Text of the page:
Patient Safety Horizon Scanning Volume 5 Issue 11

November 26, 2014

Application of the WHO surgical safety checklist outside the operating theatre: medicine can learn from surgery

November 26, 2014

Source:  Clinical Medicine 14/5 pp. 468-74.

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Date of publication:  October 2014

Publication type:  Journal article

In a nutshell: Use of the World Health Organization (WHO) safety checklist for invasive medical procedures is not yet routine. These procedures are becoming ever more complex and involve higher-risk patients, with the need for general anaesthesia on occasion. The potential for error is increasing and the need for a safety checklist is more apparent. The checklist can be modified to provide a framework for specialty-specific safety checks, enhanced team-working and communication for invasive medical procedures. The authors carried out an audit on use of the WHO checklist in 20 cases under general anaesthesia in the quaternary referral cardiac catheterisation laboratory. They discovered use of the safety tool was poor and identified two ‘near miss’ incidents within the audit period. The authors developed and implemented a modified WHO checklist for the specific challenges faced in the cardiac catheterisation laboratory. Following a staff education programme, a subsequent audit of 34 cases demonstrated improvement in all sections with no patient safety incidents during the post-intervention audit period.

Length of Publication:  7 pages


Airline style patient safety film set to land in hospitals

November 26, 2014

Source:  Salford Royal NHS Foundation Trust

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Date of publication:  October 2014

Publication type:  News item

In a nutshell: A new ‘airline style’ film to give patients advice on how to stay safe in hospital has been created with the help of staff at Salford Royal. The film has been developed by Haelo in partnership with Guys’ and St Thomas’ Hospitals NHS Foundation Trust. The film aims to reduce avoidable complications such as blood clots, pressure ulcers or falls. Patients will also be provided with an information card with advice on looking after themselves during their hospital stay. The safety advice is being supported by Health Secretary, Jeremy Hunt, and the national Sign up to Safety campaign. The film can be easily incorporated into Trust websites so patients can watch it before they come into hospital. Hospitals with the Hospedia patient media system are also able to have the film uploaded free of charge to show patients once in hospital.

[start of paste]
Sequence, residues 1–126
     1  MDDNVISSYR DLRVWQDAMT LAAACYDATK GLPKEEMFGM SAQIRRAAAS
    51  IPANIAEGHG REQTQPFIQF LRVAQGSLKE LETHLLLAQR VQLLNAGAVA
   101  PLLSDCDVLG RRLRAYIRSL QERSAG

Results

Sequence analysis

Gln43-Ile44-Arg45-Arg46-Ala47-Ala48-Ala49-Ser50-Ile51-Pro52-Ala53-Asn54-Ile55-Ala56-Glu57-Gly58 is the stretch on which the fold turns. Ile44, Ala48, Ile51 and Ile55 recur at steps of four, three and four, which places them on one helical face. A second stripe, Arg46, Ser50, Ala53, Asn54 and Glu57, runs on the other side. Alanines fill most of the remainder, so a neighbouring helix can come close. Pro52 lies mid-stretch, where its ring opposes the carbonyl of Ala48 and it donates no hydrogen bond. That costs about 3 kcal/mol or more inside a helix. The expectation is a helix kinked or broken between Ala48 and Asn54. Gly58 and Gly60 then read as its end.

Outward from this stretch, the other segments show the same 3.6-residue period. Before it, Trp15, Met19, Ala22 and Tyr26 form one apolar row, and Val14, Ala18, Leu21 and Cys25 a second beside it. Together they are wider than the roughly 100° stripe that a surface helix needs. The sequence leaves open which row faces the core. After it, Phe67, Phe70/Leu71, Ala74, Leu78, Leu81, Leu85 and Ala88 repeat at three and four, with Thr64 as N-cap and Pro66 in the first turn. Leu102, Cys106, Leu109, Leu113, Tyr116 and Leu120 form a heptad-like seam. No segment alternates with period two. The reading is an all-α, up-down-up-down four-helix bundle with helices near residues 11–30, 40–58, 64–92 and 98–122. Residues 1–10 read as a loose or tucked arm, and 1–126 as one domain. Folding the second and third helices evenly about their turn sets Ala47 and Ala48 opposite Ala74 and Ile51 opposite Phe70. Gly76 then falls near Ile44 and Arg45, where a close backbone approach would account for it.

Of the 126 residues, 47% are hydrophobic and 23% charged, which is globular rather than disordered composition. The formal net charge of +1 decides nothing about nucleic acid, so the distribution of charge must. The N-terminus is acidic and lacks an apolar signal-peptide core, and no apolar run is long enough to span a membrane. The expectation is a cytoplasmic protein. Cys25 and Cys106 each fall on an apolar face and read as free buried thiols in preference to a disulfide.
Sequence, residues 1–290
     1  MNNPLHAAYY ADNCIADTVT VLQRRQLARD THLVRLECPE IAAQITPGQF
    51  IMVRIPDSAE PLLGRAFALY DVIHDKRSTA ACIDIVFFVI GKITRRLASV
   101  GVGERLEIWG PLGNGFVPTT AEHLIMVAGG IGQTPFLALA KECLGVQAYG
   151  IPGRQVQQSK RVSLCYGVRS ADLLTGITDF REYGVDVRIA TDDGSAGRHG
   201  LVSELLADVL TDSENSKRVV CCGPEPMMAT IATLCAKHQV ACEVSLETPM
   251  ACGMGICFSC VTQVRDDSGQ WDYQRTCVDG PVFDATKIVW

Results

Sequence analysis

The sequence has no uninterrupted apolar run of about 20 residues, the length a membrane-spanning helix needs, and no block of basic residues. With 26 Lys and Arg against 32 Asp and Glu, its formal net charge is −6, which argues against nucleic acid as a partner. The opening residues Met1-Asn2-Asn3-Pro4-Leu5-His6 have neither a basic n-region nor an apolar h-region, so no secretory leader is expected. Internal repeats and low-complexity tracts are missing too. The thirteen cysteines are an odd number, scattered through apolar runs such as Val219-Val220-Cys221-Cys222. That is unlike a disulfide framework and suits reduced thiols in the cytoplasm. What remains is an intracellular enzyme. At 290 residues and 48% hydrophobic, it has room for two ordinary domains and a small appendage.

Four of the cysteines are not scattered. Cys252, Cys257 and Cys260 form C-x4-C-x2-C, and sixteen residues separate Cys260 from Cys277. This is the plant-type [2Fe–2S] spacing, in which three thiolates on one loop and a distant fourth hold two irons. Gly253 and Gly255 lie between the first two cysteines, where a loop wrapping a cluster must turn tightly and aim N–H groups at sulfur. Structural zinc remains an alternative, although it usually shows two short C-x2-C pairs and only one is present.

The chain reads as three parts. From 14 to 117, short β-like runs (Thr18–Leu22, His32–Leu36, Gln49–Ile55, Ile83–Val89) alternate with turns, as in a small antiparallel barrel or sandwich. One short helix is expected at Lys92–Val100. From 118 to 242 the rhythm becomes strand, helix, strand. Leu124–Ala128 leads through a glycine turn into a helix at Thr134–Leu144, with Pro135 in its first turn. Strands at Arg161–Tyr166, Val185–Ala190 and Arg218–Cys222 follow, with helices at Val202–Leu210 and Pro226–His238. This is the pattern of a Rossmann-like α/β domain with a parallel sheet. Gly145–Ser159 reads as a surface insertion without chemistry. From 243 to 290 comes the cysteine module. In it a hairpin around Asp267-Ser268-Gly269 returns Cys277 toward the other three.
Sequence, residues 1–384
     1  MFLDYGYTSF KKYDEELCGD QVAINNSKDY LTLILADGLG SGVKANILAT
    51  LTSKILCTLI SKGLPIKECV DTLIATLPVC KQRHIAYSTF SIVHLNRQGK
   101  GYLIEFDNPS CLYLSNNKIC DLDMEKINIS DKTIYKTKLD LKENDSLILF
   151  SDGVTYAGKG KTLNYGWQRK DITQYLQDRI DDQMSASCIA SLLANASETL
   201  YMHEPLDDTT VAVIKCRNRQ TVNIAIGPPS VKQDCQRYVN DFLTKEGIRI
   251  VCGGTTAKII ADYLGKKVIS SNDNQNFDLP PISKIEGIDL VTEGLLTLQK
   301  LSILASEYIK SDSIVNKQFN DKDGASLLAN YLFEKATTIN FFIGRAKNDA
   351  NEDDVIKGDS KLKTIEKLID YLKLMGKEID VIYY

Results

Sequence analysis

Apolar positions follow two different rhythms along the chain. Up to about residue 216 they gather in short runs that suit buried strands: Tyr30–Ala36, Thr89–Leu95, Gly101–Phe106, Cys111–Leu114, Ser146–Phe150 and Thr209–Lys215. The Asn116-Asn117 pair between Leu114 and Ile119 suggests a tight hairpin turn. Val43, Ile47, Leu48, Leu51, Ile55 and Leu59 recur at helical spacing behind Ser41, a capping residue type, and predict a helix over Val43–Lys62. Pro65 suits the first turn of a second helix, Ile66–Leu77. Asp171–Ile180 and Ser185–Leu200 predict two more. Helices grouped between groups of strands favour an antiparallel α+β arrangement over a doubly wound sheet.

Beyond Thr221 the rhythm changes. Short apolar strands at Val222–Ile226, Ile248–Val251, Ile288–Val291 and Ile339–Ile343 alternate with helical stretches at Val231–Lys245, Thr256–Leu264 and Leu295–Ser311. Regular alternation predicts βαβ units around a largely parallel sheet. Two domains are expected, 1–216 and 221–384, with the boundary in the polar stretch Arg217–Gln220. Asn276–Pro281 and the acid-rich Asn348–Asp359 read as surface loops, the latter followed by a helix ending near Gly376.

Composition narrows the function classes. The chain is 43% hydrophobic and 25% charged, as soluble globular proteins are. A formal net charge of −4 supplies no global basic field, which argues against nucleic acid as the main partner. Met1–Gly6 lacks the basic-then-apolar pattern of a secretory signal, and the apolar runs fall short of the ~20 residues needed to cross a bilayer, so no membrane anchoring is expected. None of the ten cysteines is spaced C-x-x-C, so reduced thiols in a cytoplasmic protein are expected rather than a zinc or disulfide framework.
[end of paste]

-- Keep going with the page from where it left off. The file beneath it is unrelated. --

Length of Publication:  1 web page


5th National Audit Project (NAP5) on accidental awareness during general anaesthesia: summary of main findings and risk factors

November 26, 2014

Source:  British Journal of Anaesthesia 113/4 pp. 549-59.

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Date of publication:  October 2014

Publication type:  Journal article

In a nutshell: This paper presents the main findings of the 5th National Audit Project (NAP5) on accidental awareness during general anaesthesia (AAGA). It is one of a series of papers. The authors recommend that an anaesthetic checklist, to be an integral part of the World Health Organization Safer Surgery checklist, is introduced as an aid to preventing accidental awareness.

Length of Publication:  1 web page


A simple flashcard: big impact for junior doctors!

November 26, 2014

Source:  The Clinical Teacher 11/6 pp. 454-60.

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Date of publication:  October 2014

Publication type:  Journal article